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My first thought when I saw he commercial was.."Man, they are targeting my age group." Now, I could not tell you what car was being sold..mind you. The TV is simply background white noise for me. But, when I did hear the music, it put me in a good mood. I've reached that..."Hey, they are using music from MY generation on TV to sell things now..age". If that is indeed a plateau. (should I be happy about that? :?: :roll:

Nope, the next step is to have the music you know played in big band/orchestral form as background music at the grocery store. Anybody ready for the big band version of "Holidays In The Sun" or "Blitzkrieg Bop"?

Pop music is about stealing pocket money from children. - Ian Anderson


   
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(@hyperborea)
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Like how much those kids making the tires in Taiwan get payed, for example. I'm pretty sure those people starving in 80% of the world can only dream of being a sell-out.

Taiwan isn't such a good example for this. They have and enforce child labour laws. They are a country with a pretty decent standard of living comparable to South Korea and health care levels on average better than in the US (e.g. far lower infant mortality). They are at the upper end of the emerging market countries or just at the bottom of the "western" modern industrialized countries.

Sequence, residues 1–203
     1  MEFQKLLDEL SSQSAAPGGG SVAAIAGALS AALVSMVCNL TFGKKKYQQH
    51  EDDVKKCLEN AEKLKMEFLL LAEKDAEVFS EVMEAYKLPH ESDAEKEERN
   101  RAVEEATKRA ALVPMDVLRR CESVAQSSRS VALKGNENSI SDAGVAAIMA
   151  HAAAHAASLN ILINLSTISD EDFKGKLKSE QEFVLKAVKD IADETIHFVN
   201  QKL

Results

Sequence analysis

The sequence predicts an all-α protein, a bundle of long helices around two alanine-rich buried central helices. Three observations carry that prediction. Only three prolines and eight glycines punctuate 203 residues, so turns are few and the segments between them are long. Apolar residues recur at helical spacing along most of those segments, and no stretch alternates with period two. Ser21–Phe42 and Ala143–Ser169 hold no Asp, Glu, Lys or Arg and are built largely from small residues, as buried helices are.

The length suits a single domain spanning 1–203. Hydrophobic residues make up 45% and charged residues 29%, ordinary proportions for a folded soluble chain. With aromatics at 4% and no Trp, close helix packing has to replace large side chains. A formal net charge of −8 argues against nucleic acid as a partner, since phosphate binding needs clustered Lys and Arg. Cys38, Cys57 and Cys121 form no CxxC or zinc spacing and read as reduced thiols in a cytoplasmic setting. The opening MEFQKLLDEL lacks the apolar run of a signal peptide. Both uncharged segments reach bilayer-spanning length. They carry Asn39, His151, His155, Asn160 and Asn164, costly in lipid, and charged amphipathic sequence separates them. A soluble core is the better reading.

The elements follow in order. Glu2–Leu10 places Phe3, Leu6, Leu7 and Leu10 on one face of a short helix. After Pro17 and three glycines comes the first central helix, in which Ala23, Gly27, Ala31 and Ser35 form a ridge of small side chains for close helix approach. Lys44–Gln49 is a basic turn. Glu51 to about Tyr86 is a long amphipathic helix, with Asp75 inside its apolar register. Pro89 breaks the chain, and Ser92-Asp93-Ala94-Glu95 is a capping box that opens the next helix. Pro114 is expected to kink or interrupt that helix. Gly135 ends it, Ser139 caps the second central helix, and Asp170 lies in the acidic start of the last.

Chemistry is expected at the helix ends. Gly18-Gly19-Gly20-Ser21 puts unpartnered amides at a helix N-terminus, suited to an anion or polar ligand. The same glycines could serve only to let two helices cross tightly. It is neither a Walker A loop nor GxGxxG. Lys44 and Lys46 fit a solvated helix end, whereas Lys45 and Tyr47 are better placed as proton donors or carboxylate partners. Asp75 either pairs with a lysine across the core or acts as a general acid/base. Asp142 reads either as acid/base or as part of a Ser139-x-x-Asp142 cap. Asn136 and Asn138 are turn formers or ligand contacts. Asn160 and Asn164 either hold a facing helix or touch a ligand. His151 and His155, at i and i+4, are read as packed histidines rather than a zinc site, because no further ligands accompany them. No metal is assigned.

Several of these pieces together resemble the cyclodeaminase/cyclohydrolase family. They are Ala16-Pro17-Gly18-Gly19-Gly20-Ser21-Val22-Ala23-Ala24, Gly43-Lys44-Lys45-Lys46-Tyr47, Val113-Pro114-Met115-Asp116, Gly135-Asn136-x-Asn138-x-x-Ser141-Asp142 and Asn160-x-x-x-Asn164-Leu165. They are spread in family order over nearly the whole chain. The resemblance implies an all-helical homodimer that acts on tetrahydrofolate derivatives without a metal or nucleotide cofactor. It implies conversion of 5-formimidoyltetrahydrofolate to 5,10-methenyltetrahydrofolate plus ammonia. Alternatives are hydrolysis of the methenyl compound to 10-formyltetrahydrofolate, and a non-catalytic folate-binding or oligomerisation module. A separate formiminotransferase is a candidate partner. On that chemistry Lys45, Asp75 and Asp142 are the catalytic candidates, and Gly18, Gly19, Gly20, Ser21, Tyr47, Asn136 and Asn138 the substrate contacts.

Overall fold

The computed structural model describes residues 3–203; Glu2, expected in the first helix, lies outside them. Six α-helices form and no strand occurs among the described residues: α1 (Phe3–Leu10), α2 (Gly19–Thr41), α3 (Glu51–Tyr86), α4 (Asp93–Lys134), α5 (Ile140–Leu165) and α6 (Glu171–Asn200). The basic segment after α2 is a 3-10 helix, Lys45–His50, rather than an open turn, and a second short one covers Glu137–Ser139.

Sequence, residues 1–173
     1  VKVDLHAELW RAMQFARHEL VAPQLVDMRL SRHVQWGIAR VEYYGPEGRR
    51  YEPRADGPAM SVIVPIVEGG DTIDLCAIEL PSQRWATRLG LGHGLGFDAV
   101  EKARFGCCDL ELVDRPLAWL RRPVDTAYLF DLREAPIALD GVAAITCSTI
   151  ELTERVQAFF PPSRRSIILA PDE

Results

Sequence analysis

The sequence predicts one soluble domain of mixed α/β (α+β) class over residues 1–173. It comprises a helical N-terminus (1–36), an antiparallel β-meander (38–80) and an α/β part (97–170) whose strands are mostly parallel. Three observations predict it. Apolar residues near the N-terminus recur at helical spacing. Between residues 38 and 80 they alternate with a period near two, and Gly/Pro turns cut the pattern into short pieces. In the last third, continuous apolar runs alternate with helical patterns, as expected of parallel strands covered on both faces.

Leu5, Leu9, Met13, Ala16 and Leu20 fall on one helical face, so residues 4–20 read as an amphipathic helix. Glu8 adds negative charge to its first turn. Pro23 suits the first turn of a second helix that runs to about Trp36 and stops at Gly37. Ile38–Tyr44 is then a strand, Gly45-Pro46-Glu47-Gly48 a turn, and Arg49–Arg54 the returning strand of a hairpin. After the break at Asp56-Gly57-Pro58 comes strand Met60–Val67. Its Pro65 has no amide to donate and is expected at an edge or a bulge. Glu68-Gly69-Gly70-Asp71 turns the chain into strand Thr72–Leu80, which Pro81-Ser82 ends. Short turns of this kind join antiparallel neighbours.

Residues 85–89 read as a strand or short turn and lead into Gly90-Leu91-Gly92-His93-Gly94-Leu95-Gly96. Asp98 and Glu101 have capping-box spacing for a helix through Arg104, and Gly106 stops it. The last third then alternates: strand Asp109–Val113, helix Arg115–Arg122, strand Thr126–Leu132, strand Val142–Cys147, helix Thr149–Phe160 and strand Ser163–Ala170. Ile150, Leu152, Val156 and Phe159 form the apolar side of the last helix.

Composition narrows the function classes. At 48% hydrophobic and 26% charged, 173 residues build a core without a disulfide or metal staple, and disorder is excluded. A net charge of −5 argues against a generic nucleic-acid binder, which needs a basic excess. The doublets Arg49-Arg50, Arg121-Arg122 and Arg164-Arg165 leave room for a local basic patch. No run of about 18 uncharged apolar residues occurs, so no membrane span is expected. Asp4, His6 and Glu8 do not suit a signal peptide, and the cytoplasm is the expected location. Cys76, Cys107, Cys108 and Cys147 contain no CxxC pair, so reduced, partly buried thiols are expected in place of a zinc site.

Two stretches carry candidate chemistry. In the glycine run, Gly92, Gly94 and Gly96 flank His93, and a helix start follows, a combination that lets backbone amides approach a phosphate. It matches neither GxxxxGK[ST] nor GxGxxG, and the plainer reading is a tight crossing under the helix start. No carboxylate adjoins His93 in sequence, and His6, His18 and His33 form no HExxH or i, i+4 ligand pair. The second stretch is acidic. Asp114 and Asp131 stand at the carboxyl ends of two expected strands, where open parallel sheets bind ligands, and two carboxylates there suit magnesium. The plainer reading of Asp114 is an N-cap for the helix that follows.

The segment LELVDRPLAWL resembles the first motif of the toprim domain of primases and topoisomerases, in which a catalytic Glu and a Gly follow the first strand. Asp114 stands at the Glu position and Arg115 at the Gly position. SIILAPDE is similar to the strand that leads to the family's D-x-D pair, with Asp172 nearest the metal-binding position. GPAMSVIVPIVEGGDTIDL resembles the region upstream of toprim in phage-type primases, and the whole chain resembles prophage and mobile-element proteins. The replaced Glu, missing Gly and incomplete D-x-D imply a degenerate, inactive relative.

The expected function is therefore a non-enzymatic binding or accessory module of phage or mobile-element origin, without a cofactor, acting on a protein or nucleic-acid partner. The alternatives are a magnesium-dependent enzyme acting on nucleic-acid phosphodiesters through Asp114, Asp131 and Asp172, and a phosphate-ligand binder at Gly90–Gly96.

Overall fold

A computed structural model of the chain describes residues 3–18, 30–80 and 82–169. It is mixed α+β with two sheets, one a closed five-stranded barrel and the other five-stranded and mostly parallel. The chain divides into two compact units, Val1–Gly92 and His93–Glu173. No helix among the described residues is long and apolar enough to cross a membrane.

A far better example of child labour problems (and other bad labour practices) would be the U.S. protectorate of Saipan. Lots of goods made there by children (and others) who are paid a pittance under appalling labour conditions. To make it even worse they are able to mark the goods "Made in USA" as they are a US protectorate and so convince both the nationalistic sort and those concernced about buying child labour made goods to buy those products.

Pop music is about stealing pocket money from children. - Ian Anderson


   
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(@katreich)
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I remember reading an interview with Stephen Stills a few years back when they questioned him about "selling out" so to speak, and letting his music be used for commercials. He said that it was a compliment to him that they thought his music was so well liked it would have the appeal they were looking for in a commercial. He also mentioned that he had to put his kids through college like everyone else.
Above all else, I think that it gets the music heard by a whole new grup of people as well. I also would be deliriously happy to have someone pay to use one of my songs on a commercial.
And Nick, rest easy, big cars are cool again it seems. My son and his friends all drive big ol Lincolns and Caddies; and didn't you listen to the commercial " This is not your fathers Cadillac!" (but you'll turn into your father eventually anyway.... :shock: )